“I’m always in somebody’s way,” says Mark O’Brien (John Hawkes), the Berkeley writer stuck in an iron lung and desperate to find love in “The Surrogate.” His desire to improve his experience by seeking a sexual encounter forms the bulk of this undeniably sweet, affecting movie as it explores the impact of physical bonds on personal contentment through O’Brien’s heartbreaking commitment to a difficult task. Less dreary than uplifting, “The Surrogate” succeeds as a light romance with heavy material.
In a departure from the gruff tough guys he recently played in “Martha Marcy May Marlene” and “Winter’s Bone,” Hawkes delivers an energetic performance that requires him to do little more than speak and stare while everyone around him looms above. These include his committed caretaker (Moon Bloodgood) and a compassionate priest (William H. Macy), whose willingness to endorse O’Brien’s decision to hire a sex surrogate happens a tad too quickly. (As a colleague whispered to me during the screening, “Only in Berkeley.”)
Following the suggestion of a therapist after an earlier caretaker breaks his heart, O’Brien hires the easygoing surrogate Cheryl (Helen Hunt) for a series of six sessions to help him achieve sexual satisfaction. In other words, she has sex with him, but also evaluates his specific physical hangups to unearth the proper means of achieving the goal without shortchanging it.
Baring all and radiating an affability that defines the movie’s tone, Hunt delivers her finest performance since “As Good As It Gets,” but “The Surrogate” can’t match her investment in the role. The screenplay, by writer-director Ben Lewin, falls into the trappings of valorizing its handicapped protagonist; O’Brien has no visible faults aside from his persistent naivete.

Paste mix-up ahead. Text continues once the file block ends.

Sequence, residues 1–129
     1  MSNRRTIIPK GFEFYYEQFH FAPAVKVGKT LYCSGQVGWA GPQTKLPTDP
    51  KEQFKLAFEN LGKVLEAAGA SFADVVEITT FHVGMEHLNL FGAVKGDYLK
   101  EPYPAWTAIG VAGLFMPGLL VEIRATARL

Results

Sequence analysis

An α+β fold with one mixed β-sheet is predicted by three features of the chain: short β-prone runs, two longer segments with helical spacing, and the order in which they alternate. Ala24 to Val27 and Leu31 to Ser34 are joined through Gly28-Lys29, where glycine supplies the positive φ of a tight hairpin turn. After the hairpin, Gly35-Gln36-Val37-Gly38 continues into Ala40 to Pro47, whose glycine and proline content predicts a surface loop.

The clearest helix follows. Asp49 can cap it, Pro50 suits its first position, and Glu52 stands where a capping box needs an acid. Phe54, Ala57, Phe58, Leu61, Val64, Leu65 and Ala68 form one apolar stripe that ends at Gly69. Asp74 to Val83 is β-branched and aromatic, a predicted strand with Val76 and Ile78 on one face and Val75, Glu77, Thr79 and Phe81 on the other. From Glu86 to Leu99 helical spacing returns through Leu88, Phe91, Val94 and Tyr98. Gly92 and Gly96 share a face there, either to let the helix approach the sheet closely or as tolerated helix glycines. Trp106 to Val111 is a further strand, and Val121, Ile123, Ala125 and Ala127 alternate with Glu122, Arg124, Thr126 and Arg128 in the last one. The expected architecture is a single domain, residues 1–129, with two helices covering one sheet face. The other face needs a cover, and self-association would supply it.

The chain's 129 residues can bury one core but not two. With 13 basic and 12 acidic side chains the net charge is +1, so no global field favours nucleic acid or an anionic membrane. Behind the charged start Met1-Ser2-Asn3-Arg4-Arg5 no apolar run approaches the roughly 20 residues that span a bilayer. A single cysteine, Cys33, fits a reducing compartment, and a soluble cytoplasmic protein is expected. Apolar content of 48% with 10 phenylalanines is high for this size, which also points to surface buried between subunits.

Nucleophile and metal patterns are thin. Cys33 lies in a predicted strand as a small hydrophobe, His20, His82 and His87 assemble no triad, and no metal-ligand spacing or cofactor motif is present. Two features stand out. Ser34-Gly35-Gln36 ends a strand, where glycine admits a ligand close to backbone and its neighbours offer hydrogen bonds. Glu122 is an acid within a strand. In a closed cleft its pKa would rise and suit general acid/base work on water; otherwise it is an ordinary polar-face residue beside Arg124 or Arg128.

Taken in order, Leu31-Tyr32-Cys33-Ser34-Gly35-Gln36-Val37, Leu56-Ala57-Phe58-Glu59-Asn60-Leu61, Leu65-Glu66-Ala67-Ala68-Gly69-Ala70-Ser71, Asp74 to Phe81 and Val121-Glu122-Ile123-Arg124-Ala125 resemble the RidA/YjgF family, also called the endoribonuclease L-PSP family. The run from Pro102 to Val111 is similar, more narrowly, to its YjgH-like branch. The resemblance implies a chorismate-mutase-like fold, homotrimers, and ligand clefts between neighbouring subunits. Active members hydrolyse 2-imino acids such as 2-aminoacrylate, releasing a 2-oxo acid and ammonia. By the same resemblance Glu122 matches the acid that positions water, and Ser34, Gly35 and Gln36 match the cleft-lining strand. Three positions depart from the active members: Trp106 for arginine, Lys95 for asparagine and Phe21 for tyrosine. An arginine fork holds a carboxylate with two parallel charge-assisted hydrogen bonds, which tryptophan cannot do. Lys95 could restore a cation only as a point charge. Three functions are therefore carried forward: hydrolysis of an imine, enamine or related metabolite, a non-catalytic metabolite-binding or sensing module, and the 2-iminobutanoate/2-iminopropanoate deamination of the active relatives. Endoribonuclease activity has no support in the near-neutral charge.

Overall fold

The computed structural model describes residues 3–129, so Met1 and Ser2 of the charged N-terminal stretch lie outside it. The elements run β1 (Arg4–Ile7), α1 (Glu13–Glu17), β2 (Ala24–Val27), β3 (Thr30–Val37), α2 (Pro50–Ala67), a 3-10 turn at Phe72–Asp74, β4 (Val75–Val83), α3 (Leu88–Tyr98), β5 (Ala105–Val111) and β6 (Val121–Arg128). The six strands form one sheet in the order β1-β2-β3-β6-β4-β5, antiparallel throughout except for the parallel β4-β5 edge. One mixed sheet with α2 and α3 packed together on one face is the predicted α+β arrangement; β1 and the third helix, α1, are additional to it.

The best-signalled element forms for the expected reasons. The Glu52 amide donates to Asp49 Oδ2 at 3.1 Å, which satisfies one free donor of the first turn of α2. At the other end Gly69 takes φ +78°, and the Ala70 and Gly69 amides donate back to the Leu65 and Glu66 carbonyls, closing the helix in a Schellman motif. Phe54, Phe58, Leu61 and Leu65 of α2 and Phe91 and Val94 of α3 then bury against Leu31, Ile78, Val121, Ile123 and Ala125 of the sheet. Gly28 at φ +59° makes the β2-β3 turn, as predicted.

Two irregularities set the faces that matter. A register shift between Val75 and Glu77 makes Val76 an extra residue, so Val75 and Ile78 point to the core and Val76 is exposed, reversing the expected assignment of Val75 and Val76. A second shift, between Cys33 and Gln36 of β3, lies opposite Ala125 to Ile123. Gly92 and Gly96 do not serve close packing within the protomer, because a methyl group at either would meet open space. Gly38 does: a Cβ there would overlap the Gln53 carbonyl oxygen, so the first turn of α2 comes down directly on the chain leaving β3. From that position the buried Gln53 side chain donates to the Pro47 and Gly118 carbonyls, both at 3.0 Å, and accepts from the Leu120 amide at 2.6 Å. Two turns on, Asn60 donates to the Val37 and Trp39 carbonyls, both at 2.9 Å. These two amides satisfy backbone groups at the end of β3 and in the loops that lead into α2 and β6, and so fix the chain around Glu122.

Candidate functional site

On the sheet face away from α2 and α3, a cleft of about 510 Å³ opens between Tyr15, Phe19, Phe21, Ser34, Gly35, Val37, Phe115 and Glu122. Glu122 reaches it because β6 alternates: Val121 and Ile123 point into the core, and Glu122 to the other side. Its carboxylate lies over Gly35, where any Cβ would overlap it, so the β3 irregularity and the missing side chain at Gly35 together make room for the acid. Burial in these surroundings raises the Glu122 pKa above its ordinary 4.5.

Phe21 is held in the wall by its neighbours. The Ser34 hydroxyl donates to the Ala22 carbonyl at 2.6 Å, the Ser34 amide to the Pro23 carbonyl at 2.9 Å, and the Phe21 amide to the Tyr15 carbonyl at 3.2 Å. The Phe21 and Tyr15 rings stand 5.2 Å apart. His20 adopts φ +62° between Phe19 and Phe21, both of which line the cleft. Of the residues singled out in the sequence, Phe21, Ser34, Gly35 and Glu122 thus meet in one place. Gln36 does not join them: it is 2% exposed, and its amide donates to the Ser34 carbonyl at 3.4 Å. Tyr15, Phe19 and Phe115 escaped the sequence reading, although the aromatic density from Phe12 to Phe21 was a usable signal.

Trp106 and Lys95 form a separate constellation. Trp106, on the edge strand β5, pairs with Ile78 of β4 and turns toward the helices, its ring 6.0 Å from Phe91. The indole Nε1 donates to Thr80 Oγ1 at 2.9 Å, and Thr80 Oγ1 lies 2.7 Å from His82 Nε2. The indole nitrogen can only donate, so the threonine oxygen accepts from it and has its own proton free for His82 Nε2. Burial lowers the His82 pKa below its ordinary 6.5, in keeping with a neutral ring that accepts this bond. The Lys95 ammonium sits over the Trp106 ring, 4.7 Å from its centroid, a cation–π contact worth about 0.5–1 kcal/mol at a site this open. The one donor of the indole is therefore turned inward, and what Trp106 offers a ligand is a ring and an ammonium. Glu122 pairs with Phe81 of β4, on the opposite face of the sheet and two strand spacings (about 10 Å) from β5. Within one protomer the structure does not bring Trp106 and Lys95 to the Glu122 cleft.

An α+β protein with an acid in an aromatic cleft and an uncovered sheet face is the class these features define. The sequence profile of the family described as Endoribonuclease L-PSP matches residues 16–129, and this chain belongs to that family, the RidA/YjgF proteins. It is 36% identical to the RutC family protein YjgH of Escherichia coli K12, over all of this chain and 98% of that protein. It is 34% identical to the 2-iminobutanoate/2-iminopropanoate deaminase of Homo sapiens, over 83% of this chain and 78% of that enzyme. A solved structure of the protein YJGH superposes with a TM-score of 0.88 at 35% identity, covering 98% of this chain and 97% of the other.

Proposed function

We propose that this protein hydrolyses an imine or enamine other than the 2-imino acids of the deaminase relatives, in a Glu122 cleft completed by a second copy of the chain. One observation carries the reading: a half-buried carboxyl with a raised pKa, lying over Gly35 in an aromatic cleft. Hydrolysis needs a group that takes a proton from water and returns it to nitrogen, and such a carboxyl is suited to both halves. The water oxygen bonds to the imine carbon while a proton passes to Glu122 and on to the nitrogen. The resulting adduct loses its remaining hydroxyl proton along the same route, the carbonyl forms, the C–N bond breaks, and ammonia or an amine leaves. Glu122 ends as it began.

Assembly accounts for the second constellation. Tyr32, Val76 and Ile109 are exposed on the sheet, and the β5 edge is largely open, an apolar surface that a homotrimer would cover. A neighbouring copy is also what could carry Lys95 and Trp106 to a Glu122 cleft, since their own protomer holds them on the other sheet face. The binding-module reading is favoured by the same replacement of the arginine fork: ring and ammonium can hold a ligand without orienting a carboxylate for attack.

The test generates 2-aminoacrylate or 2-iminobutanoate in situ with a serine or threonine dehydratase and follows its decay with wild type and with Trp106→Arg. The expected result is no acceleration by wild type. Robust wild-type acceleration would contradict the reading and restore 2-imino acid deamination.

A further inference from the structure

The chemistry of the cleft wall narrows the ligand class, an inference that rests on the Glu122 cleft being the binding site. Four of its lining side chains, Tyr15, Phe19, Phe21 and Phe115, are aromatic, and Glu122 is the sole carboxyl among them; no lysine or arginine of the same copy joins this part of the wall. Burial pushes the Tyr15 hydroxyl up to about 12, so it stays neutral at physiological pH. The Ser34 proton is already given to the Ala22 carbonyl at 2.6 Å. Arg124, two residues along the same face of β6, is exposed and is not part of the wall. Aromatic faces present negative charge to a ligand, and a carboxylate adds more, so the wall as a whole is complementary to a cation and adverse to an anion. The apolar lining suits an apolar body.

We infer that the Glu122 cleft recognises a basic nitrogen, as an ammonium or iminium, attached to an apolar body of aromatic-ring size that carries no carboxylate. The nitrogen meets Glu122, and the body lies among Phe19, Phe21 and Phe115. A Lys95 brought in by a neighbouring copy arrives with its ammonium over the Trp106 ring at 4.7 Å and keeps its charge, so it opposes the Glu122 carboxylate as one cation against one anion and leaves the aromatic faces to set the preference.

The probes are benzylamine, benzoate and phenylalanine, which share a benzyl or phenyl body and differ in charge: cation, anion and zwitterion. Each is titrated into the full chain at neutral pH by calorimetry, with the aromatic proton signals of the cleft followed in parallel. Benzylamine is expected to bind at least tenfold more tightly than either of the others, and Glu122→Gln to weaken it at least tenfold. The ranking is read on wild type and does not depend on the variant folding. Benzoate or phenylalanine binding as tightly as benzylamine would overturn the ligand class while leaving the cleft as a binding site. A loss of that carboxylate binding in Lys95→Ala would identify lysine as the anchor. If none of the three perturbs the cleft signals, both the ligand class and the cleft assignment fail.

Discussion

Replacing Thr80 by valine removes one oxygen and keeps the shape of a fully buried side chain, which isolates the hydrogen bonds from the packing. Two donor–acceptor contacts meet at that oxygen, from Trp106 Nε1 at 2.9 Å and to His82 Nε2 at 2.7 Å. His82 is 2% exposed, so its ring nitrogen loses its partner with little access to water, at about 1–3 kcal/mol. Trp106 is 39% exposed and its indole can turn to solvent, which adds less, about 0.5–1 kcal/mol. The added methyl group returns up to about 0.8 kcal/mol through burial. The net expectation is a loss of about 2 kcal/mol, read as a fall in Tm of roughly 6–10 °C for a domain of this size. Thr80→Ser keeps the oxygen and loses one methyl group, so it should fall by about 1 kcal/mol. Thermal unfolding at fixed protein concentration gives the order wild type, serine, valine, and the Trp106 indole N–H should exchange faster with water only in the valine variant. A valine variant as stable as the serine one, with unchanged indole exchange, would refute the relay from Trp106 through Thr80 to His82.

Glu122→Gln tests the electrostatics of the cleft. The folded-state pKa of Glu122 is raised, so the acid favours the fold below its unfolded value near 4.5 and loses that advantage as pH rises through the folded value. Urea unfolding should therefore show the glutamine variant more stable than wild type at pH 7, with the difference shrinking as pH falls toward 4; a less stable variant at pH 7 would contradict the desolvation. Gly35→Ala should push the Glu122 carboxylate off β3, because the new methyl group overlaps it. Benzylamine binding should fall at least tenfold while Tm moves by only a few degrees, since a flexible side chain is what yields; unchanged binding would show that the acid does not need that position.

This may have something to do with the source material, an article that O’Brien himself wrote based on his surrogate experience. (It’s also worth noting that this is not the first time O’Brien’s life has been brought to the screen; Jessica Yu’s O’Brien documentary, “Breathing Lessons,” won an Oscar.) The movie expects us to believe that Cheryl, who spends her off-hours in an ordinary domestic existence, falls in love with O’Brien over the course of their intimate sessions; while their scenes together are both touching and sad, there’s not enough there to make this burgeoning attraction a credible development.
The same issue applies to O’Brien’s various attempts at courtship. In one case, you want to believe he knows better, and in another, there’s simply not enough information to decide. “The Surrogate” devotes too much attention to O’Brien’s sexual training and not enough to its application, resulting in the distinct sense that the narrative has skipped a crucial step.
O’Brien, however, maintains a persistently endearing presence through his lyrical voiceover and sly relationship with the world of characters he depends on. After an initial encounter with Cheryl that culminates in premature ejaculation, O’Brien remarks that he feels “cleansed and victorious,” a witty throwaway line that functions as a coping mechanism. The last notable movie to portray a character in such a restrictive state, Julian Schabel’s “The Diving Bell and the Butterfly,” lingered its character’s consistent sadness; O’Brien, by comparison, constantly battles to maintain an upbeat mood. His optimism keeps him alive even more than the iron lung.
Criticwire grade: B+
HOW WILL IT PLAY? Fox Searchlight spent $6 million for “The Surrogate” at Sundance, a surprisingly high amount for such a small-scale film. While it’s likely to gain awards-season traction for Hunt and Hawkes, its theatrical prospects are fairly modest — especially if the film’s abundant Hunt nudity and sexual situations give it an NC-17 rating.